Patients should wear light clothes on the day of analysis. Patients should not expect any pain as a result of this exam. Patients should be rested and relaxed, and should not try to demonstrate their “best” walk but rather their most natural, everyday walking pattern.

Motion analysis laboratories are usually located in large rooms that have enough space for the patients to walk at self-selected speed on straight pathway.

How does gait analysis help determine the treatment approach for cerebral palsy patients?

By quantifying or measuring all the movements of the lower limbs, trunk, head and neck – as well as the forces and the muscle activity that produces the gait movements (both normal and abnormal) – motion analysis helps clinicians understand the pathological gait patterns more precisely and thoroughly in order to determine which specific treatments they recommend to a patient. Motion analysis has been around for more than 40 years. A significant amount of peer reviewed literature has been published in the last decade depicting all the information we have learned from this technology.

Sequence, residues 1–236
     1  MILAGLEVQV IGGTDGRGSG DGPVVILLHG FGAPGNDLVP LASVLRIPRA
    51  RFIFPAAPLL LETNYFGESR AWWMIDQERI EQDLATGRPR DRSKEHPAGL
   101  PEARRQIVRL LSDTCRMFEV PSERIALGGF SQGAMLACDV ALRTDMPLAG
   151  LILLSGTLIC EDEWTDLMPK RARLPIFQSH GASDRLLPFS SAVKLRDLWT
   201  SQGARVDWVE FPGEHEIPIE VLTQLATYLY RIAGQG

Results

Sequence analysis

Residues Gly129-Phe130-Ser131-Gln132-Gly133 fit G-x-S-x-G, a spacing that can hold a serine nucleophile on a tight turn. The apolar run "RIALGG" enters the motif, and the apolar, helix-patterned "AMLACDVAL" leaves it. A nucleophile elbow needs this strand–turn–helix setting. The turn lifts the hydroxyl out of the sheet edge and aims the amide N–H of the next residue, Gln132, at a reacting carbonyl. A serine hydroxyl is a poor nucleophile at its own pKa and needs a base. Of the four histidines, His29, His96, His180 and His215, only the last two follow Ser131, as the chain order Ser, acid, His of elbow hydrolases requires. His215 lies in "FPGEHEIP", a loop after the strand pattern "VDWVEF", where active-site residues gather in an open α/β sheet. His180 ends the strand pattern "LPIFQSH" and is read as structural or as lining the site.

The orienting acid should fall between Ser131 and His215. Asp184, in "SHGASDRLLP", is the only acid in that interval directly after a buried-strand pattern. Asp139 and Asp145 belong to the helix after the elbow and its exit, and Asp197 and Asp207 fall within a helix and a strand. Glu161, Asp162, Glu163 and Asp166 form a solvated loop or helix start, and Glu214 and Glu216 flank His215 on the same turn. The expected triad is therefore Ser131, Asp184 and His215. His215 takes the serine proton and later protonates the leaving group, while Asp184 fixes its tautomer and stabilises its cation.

What can a gait analysis diagnose?

Motion analysis is not a tool for diagnosing diseases, but rather to identify and measure pathological gait patterns that resulting from various diseases of the central and peripheral nervous system as well as of joints, bones, and muscles. There have, however, been successful attempts of investigating specific pathological gait patterns and their relationship with certain disorders.

Gait analysis also helps clinicians determine primary and secondary gait pathologies. This means gait problems directly caused by a person’s condition versus those generated by methods they use to compensate for or cope with those problems. Determining these distinctions is important in deciding upon the optimal treatment.


Paulo RP Selber, MD, FSBOT, FRACS
Attending Orthopedic Surgeon, Hospital for Special Surgery
Professor of Clinical Orthopedic Surgery, Weill Cornell Medical College